In Av and P modes, a shutter speed is chosen by the camera. If the speed reaches a certain threshold value (which is influenced by both the "Program Line" and the "AUTO ISO Parameters" curve settings), the shutter speed held above that threshold as long as the ISO value can be increased instead (when in Auto ISO mode). This is a smart Pentax feature, preferring a noisier picture over a blurry picture (from an unsteady hand) when light conditions get bad. This threshold is influenced by the lens focal length. There is the rule-of-thumb, that the inverse of the (35mm equivalent's) focal length keeps the image sharp: A 200mm lens, when handheld, should use a 1/200s or shorter exposure time. Now, when Shake Reduction is active, this can compensate for two LVs, i.e. a 1/50 would still do with a 200mm lens. The problem with the K-3 is that this SR factor is not taken into account in the above described process: With SR off, at 100mm, it stays at 1/125 while upping the ISO from 100 to 6400. And even if I turn SR on, it doesn't change that - it should then choose 1/60 or even 1/30 so that the ISO can stay low longer. At least optionally.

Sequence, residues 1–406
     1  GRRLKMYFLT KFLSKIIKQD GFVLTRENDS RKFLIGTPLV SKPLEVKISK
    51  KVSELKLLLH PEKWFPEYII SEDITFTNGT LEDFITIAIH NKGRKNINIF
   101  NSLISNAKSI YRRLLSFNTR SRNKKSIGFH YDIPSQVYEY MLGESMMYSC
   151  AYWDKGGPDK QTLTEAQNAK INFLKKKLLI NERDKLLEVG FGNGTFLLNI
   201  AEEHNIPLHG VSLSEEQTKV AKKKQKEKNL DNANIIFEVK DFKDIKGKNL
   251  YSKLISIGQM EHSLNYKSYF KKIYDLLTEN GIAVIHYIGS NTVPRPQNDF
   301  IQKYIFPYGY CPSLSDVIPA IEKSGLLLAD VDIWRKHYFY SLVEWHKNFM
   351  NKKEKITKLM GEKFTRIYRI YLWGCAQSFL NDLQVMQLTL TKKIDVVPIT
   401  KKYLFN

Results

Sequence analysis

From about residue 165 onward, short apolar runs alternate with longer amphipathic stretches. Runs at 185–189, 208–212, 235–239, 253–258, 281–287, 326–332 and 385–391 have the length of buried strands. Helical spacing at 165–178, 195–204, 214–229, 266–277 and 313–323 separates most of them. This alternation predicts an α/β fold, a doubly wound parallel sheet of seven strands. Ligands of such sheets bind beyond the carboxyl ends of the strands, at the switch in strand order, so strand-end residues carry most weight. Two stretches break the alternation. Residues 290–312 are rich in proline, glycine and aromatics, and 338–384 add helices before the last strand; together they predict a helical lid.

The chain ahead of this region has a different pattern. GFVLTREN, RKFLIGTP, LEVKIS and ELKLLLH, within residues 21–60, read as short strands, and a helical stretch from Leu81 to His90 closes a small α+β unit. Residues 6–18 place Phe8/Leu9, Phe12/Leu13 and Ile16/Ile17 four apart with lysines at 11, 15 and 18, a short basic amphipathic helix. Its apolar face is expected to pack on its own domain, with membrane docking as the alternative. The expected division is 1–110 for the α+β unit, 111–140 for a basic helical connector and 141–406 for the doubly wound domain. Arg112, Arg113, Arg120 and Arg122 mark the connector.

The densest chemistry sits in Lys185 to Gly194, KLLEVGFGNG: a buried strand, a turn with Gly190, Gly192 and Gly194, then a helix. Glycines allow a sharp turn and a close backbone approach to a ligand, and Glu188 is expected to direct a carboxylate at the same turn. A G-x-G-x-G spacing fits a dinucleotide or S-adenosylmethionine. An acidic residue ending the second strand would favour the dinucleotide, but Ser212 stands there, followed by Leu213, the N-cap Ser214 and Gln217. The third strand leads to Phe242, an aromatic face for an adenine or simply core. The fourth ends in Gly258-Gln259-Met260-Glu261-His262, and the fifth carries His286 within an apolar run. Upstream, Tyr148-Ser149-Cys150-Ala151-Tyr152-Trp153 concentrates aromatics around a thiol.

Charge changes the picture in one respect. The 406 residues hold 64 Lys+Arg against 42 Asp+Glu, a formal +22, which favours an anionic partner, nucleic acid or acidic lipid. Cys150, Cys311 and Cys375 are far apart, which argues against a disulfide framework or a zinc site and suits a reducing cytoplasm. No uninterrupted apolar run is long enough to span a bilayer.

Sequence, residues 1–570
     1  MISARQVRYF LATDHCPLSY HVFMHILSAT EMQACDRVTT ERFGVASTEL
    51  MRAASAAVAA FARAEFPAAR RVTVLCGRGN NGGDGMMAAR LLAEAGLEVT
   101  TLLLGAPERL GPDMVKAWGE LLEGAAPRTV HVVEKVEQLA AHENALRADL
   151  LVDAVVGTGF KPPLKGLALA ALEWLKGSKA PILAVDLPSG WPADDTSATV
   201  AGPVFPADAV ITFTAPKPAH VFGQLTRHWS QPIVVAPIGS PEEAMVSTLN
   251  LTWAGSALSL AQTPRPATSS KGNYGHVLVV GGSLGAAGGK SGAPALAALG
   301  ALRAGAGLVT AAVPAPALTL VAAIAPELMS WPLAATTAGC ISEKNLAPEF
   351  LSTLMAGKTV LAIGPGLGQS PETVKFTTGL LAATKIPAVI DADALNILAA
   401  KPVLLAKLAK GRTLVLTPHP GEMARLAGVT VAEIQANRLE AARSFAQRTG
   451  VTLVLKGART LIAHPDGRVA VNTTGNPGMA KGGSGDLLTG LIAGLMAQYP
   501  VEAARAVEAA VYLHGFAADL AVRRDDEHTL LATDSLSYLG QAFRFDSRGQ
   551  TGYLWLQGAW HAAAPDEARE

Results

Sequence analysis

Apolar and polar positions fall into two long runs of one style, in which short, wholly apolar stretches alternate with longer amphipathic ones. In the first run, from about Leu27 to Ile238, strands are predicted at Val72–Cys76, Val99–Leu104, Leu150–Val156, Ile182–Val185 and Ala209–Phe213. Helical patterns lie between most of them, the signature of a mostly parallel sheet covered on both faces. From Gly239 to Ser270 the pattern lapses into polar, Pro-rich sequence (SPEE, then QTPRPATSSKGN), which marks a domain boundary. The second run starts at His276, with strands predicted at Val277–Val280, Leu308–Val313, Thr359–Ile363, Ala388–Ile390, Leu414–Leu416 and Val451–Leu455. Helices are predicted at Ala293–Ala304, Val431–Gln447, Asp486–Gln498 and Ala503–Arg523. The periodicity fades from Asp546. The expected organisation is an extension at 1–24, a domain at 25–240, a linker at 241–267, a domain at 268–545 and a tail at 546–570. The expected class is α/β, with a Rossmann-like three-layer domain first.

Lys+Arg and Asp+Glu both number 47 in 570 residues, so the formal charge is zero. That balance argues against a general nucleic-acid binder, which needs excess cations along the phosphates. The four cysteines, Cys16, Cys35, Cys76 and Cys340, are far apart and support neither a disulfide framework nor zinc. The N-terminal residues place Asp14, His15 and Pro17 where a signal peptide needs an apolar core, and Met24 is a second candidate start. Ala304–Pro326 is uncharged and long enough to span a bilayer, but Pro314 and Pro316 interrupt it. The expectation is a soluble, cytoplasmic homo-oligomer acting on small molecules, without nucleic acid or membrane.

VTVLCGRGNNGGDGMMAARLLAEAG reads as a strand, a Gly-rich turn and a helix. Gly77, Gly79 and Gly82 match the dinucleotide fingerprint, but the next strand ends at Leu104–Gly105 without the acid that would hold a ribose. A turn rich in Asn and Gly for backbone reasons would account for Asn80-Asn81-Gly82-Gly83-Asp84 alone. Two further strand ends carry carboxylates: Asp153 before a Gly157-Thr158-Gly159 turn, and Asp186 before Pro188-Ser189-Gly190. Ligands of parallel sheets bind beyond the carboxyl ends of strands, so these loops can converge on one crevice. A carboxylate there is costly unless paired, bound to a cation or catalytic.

• In TAv mode, when using a flash, the ISO is not adjusted to a lower value accordingly.
In a badly lit room, without a flash, TAv (1/180, f/4) is likely to use a high ISO, let's say 6400, provided the Auto-ISO range allows it. Hovever, if the flash is used, the scene might be well lit even at ISO 100. One would expect that the TAv mode would be smart and would adjust the ISO to the lowest possible setting when the flash is used. However, even with the flash firing, the ISO is left at the setting it would use without the flash. That's disappointing. It also ignores the "AUTO ISO Parameters" curve setting, although that setting could be well applied here.
• In TAv mode, when using a flash, the actually used ISO is not shown any more.
Now, with the fact that the ISO setting is not automatically adjusted when the flash is used, the display nontheless does not show the chosen ISO value, but instead just shows "Auto". Contrary to that, the K-5 does show the ISO value even if the flash is active, as ISO 6400. So, the K-3 does hide some important information here - if I'd see that it's choosing ISO 6400 even though I it's using the flash, I would quickly realize that I'm using bad settings and do something about it. The K-5 did. Why doesn't the K-3 any more?